Review: Samsung Galaxy Nexus for Verizon Wireless
Despite the many minor flaws in Android 4.0 Ice Cream Sandwich, most Android users will be happy with the upgraded appearance and overall functionality of the software. The integration across Google's (growing) services is spectacular. Most of the issues I've pointed out in the controls in this review can easily be cleaned up by Google. Android 4.0 is the best version of Android yet, but it still manages to bring with it some usability annoyances that will take time to get used to.
What concerns me more with the Galaxy Nexus is the signal issues. Phone Scoop has confirmed with other reviewers that the device has a hard time connecting to Verizon's 3G/4G networks, and voice call performance and data sessions are choppy as a result. That's vital.
The combined appeal of Android 4.0, LTE 4G, the Samsung hardware, and its status as a "Nexus" device will make the Galaxy Nexus a hard-to-resist phone for the technically savvy. For those who have "Gone Full Google," there's no other phone that matters.
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Android 4.0 alone gives the Galaxy Nexus enough of an advantage over other Android phones that it makes the Galaxy Nexus the obvious choice (even if you go with the GSM version). Though a number of handset makers have committed to bringing Android 4.0 to portions of their lineup, it will be long months before that happens. Serious Android fans should ignore every other Android phone and pick the Galaxy Nexus.
Hands-On: Android 4.1 Jelly Bean
The latest version of Android offers a lot of performance upgrades and some new whiz-bang features. Phone Scoop takes it for a spin on the Galaxy Nexus.
Sprint Officially Reveals Galaxy Nexus
Sprint has published a web site talking up its forthcoming Long Term Evolution 4G network. As part of the site, it revealed that it will sell the Samsung Galaxy Nexus device with LTE support.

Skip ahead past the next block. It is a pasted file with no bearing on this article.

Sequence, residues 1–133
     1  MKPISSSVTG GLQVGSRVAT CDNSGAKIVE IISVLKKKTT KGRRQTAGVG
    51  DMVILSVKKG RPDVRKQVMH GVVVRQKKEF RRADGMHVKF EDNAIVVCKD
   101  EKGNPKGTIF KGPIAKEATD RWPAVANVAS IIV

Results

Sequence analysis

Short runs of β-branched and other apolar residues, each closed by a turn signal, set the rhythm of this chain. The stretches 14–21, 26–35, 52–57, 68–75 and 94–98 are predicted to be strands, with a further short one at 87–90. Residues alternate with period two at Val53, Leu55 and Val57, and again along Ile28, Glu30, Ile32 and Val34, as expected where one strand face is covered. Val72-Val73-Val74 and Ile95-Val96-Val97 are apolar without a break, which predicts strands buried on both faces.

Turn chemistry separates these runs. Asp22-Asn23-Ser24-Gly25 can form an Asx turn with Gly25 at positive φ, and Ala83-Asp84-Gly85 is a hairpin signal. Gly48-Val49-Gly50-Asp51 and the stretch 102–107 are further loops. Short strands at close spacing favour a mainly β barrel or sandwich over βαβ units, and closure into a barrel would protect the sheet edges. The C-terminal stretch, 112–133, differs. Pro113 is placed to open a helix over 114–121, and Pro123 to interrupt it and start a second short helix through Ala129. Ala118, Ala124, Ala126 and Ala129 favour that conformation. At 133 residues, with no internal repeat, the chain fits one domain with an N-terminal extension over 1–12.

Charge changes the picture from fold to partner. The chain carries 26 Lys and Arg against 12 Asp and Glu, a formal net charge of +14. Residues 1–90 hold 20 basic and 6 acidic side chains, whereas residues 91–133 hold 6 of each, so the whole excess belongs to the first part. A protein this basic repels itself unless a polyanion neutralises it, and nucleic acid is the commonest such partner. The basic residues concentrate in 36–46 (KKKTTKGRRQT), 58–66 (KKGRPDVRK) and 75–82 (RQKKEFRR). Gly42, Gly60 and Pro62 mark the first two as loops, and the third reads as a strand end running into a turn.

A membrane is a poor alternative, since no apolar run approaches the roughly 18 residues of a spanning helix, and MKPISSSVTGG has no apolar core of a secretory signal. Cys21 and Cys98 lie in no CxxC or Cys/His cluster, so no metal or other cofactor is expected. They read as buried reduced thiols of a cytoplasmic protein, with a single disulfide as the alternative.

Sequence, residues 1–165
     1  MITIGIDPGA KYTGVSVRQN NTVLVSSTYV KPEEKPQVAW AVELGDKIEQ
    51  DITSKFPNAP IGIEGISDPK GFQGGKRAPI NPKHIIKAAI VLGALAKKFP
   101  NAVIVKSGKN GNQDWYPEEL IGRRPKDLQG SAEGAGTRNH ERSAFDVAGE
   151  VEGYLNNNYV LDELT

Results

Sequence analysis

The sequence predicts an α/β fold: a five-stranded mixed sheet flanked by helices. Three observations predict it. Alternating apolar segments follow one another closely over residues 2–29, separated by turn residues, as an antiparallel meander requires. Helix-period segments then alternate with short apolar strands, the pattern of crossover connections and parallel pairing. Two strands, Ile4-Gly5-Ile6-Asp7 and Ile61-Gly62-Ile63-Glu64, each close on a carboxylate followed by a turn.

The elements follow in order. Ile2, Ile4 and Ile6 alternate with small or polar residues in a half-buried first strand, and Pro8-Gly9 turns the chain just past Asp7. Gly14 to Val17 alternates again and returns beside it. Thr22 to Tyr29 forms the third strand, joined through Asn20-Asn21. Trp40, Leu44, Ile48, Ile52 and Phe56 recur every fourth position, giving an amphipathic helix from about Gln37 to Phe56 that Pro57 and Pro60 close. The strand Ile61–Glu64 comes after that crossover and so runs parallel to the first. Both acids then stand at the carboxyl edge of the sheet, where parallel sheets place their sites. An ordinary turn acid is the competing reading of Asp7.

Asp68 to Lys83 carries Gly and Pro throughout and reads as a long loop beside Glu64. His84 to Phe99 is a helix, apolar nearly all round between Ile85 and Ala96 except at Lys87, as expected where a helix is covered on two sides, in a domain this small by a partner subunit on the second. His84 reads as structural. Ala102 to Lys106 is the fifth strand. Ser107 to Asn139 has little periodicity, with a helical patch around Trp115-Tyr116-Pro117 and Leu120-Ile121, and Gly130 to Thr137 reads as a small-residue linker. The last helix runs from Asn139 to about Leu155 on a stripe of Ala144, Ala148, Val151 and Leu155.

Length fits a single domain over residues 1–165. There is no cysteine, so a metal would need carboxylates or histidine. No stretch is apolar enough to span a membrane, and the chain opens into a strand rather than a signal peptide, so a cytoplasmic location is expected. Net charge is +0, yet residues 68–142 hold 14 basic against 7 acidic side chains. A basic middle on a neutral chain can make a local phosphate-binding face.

Verizon Promises Signal Fix for Galaxy Nexus
Once of Verizon Wireless's official twitter accounts as acknowledged an issue affecting the Galaxy Nexus's signal performance and call quality. "The signal strength issue is currently being investigated.
Ad Suggests LTE-Packing Galaxy Nexus Bound for Sprint
An advertisement briefly appeared on CNet's web site today announcing a version of the Samsung Galaxy Nexus with LTE for Sprint's network. The ad, which has since been pulled, revealed that the Sprint version of the Galaxy Nexus has a 1.5GHz processor, rather than the 1.2GHz processor on the global and Verizon variants.
Verizon's Galaxy Nexus Fix to Adjust Signal Meter
Verizon Wireless has re-confirmed that a software update is on the way to fix a signal problem being reported by some users of the Samsung Galaxy Nexus. Verizon Wireless spokesperson Brenda Raney told Computerworld that the update "will adjust the signal strength indicator to more closely match other Verizon Wireless devices." During Phone Scoop's tests of the Galaxy Nexus, Phone Scoop confirmed that the device has a hard time connecting to Verizon's 3G/4G networks, and voice call performance and data sessions are choppy as a result.